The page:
‘Unhomely Moments’: Reading and Writing Nation in Welsh Female Gothic

  • Kirsti Bohata


Castles, houses and ruins are paradigmatic tropes of Gothic writing, ubiquitous and multivalent signifiers from its inception to the present. Family, ‘race’ and nation are evoked by the sense of the word house meaning ‘lineage’, making houses emblematic of nation. Houses are also used figuratively in Female Gothic writing to encode and deconstruct the female body and psyche. If houses have traditionally symbolised imprisoning structures of patriarchy by which women are confined and from which they must escape, the house is a potentially troubling and problematic Gothic trope of nation for those reading or writing female nationhood. One of the aims of this essay will be to consider how ideas of nation(hood) and gender intersect and complicate each other in twentieth-century Anglophone Welsh Female Gothic. A second aim is to indicate some common organising features, in addition to houses, that might be associated with ‘the Welsh Female Gothic’; this essay will suggest ruined buildings, fire, disease and mental illness as prominent images which express gender and cultural crisis.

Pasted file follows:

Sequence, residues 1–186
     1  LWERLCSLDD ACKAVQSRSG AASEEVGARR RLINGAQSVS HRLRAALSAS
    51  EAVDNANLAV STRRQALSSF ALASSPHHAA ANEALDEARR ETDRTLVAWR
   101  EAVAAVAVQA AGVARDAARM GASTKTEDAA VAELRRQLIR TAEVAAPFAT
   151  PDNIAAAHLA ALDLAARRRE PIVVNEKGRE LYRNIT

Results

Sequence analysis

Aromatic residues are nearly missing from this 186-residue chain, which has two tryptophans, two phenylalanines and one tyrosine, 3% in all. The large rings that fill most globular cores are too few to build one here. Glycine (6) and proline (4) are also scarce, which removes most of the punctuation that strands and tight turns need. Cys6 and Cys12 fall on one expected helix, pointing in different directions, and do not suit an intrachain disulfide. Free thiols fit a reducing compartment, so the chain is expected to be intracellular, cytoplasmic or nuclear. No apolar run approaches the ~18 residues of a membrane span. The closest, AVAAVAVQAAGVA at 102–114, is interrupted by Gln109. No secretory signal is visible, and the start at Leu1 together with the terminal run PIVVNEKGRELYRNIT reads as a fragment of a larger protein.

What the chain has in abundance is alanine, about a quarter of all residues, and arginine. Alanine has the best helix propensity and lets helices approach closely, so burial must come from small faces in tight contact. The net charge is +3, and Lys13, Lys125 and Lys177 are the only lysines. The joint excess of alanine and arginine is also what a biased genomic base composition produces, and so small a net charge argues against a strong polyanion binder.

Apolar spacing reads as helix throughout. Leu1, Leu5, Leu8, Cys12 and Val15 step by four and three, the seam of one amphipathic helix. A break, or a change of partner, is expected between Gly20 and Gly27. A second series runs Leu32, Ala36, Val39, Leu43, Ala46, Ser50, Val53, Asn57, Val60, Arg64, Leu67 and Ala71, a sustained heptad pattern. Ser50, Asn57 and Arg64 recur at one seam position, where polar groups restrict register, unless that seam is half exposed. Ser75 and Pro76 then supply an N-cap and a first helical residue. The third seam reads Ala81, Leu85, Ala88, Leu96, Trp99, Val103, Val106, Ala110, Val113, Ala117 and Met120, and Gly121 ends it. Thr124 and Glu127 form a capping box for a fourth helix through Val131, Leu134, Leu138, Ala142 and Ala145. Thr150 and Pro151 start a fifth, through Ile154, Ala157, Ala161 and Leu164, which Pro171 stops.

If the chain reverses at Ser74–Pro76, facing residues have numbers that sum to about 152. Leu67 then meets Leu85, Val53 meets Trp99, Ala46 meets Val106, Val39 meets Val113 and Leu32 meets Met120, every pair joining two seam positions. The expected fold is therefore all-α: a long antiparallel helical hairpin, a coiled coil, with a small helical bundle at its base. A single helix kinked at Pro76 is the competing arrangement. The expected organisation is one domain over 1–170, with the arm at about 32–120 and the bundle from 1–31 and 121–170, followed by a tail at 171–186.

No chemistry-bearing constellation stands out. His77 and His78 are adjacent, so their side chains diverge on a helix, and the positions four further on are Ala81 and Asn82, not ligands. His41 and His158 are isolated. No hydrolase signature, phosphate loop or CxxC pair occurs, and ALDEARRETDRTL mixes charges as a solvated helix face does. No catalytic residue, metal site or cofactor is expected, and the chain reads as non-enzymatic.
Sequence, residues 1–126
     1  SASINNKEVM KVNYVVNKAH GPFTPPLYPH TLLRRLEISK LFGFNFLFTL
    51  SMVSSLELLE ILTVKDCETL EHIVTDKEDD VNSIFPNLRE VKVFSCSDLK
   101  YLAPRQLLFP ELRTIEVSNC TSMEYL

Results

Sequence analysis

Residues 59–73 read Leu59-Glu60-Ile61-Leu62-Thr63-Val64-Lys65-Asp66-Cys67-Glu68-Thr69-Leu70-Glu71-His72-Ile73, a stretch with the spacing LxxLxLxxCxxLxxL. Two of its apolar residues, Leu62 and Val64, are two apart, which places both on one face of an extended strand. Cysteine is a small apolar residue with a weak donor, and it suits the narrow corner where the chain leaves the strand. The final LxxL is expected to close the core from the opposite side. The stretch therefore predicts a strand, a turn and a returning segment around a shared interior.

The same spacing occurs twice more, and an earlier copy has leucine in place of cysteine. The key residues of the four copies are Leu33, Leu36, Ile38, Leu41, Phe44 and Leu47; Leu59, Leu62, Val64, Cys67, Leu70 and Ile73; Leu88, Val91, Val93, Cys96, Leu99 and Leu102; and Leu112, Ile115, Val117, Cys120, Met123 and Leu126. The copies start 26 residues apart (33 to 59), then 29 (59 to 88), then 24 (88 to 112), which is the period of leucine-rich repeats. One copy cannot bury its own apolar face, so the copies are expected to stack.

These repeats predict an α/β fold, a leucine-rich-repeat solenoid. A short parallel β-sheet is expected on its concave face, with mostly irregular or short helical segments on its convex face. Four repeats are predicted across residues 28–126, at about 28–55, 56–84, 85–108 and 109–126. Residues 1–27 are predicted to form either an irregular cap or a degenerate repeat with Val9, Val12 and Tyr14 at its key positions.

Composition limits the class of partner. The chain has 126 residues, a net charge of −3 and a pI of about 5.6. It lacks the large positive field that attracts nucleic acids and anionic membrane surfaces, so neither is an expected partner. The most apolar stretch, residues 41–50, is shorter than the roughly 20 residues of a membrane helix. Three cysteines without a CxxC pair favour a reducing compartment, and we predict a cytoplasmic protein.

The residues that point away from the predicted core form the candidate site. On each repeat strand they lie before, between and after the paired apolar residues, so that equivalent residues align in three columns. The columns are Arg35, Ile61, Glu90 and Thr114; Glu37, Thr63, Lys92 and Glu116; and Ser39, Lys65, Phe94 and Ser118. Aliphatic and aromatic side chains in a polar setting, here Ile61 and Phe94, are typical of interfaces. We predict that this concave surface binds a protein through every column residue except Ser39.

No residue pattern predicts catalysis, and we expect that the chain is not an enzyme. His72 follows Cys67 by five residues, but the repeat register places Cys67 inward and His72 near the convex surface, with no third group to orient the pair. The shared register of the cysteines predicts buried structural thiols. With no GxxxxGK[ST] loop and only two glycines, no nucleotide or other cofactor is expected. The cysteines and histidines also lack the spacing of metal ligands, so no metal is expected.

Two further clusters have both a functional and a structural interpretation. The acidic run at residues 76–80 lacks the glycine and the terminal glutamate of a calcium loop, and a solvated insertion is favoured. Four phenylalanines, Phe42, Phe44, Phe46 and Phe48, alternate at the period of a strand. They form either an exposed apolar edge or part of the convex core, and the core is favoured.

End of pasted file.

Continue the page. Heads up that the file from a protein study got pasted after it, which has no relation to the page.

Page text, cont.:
Short Story Revolving Door National Literature Female Nationhood Subsequent Reference 
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Copyright information

© Kirsti Bohata 2009

Authors and Affiliations

  • Kirsti Bohata
    • 1
  1. 1.Centre for Research into the English Literature and Language of Wales (CREW)Swansea UniversityUK

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